In 1872, The Gregory School was the first school for freed people in Houston. Mike Snyder of the Houston Chronicle said it was “perhaps” the first school for freed people in the State of Texas. By 1876, the Gregory School became a part of the Houston public school system. A document quoted in a U.S. Congressional report stated that The Gregory School was the first established on land that was a donation from African Americans. So, everyone believed that “Gregory Elementary had a special link to black life in the neighborhood.”  The number one priority of Rev. Jack Yates, Rev. Ned Pullum of Pullum’s Brick, and Rev. Jeremiah of Freedmen’s Town was to establish the African American Culture, education, business development, and spiritual progress in the Houston community.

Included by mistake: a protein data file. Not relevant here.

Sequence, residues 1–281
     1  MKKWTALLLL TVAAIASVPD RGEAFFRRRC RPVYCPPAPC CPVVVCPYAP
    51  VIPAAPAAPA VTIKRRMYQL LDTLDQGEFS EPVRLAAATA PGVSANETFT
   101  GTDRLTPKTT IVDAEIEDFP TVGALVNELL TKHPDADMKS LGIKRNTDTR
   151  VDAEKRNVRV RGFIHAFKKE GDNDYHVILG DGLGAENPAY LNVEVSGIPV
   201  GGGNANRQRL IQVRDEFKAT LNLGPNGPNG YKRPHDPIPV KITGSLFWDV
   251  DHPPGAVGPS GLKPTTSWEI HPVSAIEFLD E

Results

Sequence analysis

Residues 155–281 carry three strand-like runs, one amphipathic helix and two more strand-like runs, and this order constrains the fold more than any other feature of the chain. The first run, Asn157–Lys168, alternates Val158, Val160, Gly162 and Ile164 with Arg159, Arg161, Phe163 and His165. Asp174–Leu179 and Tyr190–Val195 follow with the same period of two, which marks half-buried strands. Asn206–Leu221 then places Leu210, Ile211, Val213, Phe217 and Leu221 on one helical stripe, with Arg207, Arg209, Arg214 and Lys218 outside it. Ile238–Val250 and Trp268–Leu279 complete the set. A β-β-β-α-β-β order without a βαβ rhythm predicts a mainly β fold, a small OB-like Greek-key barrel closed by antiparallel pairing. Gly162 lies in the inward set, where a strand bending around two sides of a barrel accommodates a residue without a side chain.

In 1970, Gladys House–El graduated from the Gregory School sixth grade class. She reflected on her experience stating, “The teachers took a vested interest in you. They would see things in you that no one else saw.”  She further stated, “Our teachers had me MCing programs because they saw talent in me that I didn’t see in myself.”  They molded us and groomed us to be leaders.”  House-El also recalled an event from back then and said, “The May Festival was an excellent opportunity to showcase the students’ various talents. The teachers truly made a difference in our lives.”